Trina McQueen, O.C., is a media executive who began her career in television as host of the first season of CTV's W-5. She later moved to CBC, where she rose to Vice-President of the news; the first woman in North America to lead a network news department. She left CBC to launch the Discovery Channel, and later moved to CTV as vice-president and COO of the network.Today, she teaches at the Schulich School of Business at York University, where she is Director of Curriculum Development for the Arts, Media and Entertainment program.
Angela Antle (St. John's), has been a CBC host and producer for over 25 years. She was one of the founding producers and a guest host for Canada's premier culture program "Q". Antle is also a multi-platform producer who has worked on documentaries and digital strategies.
The subjects of motherhood, sexual health, and reproductive justice are vast and complex. We covered some of the historical highlights relating to birth control, abortion rights, and reproductive technologies. Anti-choice rhetoric, the connection between sexual and mental health, intersectional and ethical issues around access, sterilization, sexual identity, and social class are still relevant today. We would like to consider the relevance of these hot topics and highlight the work that still needs to be done.
Donna Cherniak, MD is a physician specializing in family medicine. She is actively practising in the Sherbrooke area. She is co-author of the Birth Control Handbook, 1968, an initiative of the McGill Students Society, A Book about Birth Control, 1979, STD Handbook, 1997, and the Menopause Handbook, 1997.
Karin Wells is a CBC Radio documentary maker and a three-time recipient of the Canadian Association of Journalists documentary award. Wells is also a lawyer and in 2011 was inducted into the University of Ottawa’s Common Law Honour Society. Author of The Abortion Caravan, 2020 and More Than A Footnote: Canadian Women You Should Know, 2022.
Maureen McTeer, is a lawyer specializing in health law, an author of five books and a well-known women’s rights advocate. Her fifth and current book, FERTILITY: 40 Years of Change, (Irwin Law, 2022) covers the major issues of infertility, assisted human reproductive technologies, genetics and embryo research. Photo credit Valberg Imaging, Inc.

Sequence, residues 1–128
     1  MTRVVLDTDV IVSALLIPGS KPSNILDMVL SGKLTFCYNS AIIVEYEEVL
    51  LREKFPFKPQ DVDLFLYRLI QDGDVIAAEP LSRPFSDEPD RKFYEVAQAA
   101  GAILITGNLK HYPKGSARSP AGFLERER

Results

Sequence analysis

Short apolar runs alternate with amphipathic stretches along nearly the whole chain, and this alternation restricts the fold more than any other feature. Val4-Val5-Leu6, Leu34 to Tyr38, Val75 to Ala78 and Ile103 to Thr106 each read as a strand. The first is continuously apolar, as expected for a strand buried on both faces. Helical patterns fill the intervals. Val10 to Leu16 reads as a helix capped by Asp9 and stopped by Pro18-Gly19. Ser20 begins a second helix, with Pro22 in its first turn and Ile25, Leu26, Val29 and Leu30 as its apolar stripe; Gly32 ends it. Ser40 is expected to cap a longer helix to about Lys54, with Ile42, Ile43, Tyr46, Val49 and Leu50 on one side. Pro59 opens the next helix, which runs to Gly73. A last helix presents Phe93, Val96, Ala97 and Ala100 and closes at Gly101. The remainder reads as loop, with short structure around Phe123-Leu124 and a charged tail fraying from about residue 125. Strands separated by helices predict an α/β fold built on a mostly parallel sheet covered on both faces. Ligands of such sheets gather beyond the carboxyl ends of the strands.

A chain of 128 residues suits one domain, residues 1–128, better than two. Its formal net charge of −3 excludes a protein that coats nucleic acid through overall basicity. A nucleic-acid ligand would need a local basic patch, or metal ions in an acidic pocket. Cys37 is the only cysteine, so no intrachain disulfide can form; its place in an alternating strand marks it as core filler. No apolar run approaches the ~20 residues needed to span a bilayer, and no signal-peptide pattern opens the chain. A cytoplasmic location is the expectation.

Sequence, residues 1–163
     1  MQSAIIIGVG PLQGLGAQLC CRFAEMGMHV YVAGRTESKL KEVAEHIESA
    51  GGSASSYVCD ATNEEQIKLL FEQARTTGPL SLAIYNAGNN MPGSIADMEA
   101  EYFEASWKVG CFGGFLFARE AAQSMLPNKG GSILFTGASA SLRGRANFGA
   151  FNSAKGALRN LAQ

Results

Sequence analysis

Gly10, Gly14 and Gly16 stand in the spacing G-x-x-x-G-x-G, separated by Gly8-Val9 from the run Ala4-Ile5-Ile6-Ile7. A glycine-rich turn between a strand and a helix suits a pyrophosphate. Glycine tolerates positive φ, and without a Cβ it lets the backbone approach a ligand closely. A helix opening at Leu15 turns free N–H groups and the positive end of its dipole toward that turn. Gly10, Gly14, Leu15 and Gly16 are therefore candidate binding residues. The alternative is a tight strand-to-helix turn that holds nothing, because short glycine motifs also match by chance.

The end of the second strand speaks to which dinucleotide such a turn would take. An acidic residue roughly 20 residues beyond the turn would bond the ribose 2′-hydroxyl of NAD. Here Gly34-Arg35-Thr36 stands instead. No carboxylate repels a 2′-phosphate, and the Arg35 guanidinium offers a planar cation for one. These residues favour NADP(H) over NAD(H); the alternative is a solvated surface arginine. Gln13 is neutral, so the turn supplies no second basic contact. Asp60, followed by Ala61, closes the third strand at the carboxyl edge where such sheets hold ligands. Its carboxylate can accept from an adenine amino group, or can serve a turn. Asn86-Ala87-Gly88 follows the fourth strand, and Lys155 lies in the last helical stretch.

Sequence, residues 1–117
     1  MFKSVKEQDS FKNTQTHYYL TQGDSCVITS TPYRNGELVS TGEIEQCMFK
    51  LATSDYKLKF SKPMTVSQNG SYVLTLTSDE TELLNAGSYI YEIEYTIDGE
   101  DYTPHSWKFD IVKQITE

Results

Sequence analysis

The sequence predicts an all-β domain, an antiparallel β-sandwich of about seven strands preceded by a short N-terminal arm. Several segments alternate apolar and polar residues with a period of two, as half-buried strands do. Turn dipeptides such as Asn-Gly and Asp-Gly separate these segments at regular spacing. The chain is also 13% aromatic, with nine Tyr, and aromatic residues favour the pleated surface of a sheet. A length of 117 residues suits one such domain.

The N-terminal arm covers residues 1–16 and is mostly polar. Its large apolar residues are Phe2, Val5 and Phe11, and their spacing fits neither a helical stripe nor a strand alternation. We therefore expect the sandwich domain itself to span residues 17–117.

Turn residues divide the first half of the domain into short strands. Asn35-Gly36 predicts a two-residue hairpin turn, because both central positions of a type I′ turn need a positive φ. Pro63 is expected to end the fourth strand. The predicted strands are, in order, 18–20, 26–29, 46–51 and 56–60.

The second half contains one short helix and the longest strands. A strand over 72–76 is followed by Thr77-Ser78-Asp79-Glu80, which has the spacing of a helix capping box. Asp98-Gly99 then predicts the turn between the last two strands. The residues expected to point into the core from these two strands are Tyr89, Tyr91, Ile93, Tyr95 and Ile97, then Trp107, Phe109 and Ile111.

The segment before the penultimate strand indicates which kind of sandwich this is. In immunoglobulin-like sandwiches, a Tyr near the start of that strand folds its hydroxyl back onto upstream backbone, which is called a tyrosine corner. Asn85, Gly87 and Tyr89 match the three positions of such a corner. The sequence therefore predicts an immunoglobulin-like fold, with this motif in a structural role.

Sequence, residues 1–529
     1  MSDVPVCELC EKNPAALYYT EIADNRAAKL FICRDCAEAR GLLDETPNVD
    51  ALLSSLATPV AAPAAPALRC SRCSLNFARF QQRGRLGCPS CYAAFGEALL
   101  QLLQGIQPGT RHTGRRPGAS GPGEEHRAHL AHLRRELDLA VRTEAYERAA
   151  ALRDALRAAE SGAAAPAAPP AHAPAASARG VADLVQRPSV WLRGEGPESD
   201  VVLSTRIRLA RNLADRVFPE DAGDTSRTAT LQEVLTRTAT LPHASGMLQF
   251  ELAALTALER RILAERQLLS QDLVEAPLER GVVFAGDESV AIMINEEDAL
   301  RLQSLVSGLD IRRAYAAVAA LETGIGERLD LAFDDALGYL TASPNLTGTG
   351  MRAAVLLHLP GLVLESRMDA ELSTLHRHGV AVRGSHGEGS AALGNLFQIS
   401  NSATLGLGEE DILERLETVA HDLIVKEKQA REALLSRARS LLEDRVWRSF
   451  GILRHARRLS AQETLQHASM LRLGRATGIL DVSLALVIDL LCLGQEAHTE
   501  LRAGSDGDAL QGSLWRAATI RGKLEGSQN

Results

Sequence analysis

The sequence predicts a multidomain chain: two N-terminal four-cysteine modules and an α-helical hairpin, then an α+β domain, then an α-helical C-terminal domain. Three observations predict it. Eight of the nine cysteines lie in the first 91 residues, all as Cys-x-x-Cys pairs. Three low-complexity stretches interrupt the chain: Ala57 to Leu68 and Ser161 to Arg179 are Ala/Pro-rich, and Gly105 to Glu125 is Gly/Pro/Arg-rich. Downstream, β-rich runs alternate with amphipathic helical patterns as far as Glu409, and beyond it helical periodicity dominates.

Jennifer Brant (She/Her) Kanien’kehá:ka, is a mother-scholar and assistant professor at the University of Toronto. Jennifer writes and teaches about Indigenous maternal pedagogies, reproductive justice for Indigenous women, and Indigenous women's literature. J
Reclaiming Our Place
Honouring Indigenous Women Leaders
Reclaiming Our Place - Monday, June 20, 2022
The Women’s History Project together with the Canadian Research Institute on the Advancement of Women (CRIAW) is staging its second online event in its History Unfinished series, Reclaiming Our Place, a virtual Indigenous Women’s Circle to honour Indigenous women activists, Indigenous women chiefs and storytellers. Speakers highlighted their personal journeys as part of this National Aboriginal Day special.
Dr. Dawn Lavell-Harvard, Director, First Peoples House of Learning, Trent University
Courtney Montour, Kanien’keha:ka (Mohawk) filmmaker, ‘Mary Two Axe Earley: I am Indian Again’
The Hon. Lillian Dyck, O.C., retired Senator, member of the Cree Gordon First Nation
Jeanette Corbiere Lavell, Wikwemiknog First Nation, educator, advocate and founding member of the Ontario Native Women’s Association (ONWA)
Pam Palmater, Mi'kmaq lawyer, professor, activist
Sharon McIvor, Member of the Lower Nicola Band, Aboriginal women’s rights activist, Co-Chair of the Feminist Alliance for International Action
Women and the Law: Celebrating the
Charter of Rights and Freedoms at 40!
A Woman's Place in Law - Thursday, April 14, 2022
Framing the launch of History Unfinished, this event made references to women's suffrage, the Persons Case and explored Section 15 and Section 28 in the Charter of Rights and the Constitution Act of 1982. Topics included landmark cases that were made possible by the Court Challenges Program and led by the Legal Education and Action Fund (LEAF). Sponsored by the National Association of Women and the Law (NAWL) and the Canadian Research Institute for the Advancement of Women.
The Honourable Judy Erola, former Minister responsible for the Status of Women (1980-1984).
Mary Eberts, Constitutional Lawyer, a trailblazing lawyer and human rights advocate.
Kerri A.Froc, Lawyer, Associate Professor, Faculty of Law, University of New Brunswick.